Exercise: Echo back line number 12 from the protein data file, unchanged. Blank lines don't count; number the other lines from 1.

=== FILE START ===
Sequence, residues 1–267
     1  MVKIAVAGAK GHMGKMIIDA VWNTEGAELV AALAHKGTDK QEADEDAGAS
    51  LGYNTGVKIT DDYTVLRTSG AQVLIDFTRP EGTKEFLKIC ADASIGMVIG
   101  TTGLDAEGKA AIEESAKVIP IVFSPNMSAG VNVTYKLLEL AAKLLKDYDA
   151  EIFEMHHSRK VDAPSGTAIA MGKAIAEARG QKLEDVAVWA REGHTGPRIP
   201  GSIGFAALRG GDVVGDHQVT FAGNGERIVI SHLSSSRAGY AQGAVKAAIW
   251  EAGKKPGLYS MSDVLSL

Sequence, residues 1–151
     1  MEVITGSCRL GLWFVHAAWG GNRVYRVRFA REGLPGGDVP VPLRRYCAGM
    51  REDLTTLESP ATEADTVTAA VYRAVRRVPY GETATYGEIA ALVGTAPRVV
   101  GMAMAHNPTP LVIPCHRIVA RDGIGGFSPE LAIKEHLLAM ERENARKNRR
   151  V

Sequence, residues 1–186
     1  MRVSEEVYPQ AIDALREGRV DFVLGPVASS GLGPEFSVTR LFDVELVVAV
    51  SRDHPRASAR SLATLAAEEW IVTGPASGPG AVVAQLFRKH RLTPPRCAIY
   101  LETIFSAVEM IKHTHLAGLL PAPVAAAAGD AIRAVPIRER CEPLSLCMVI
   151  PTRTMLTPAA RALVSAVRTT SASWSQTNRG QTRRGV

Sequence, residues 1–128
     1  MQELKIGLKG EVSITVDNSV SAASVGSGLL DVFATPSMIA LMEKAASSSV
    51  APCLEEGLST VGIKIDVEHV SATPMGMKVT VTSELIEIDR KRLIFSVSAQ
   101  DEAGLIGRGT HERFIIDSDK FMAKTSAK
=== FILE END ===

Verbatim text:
   151  V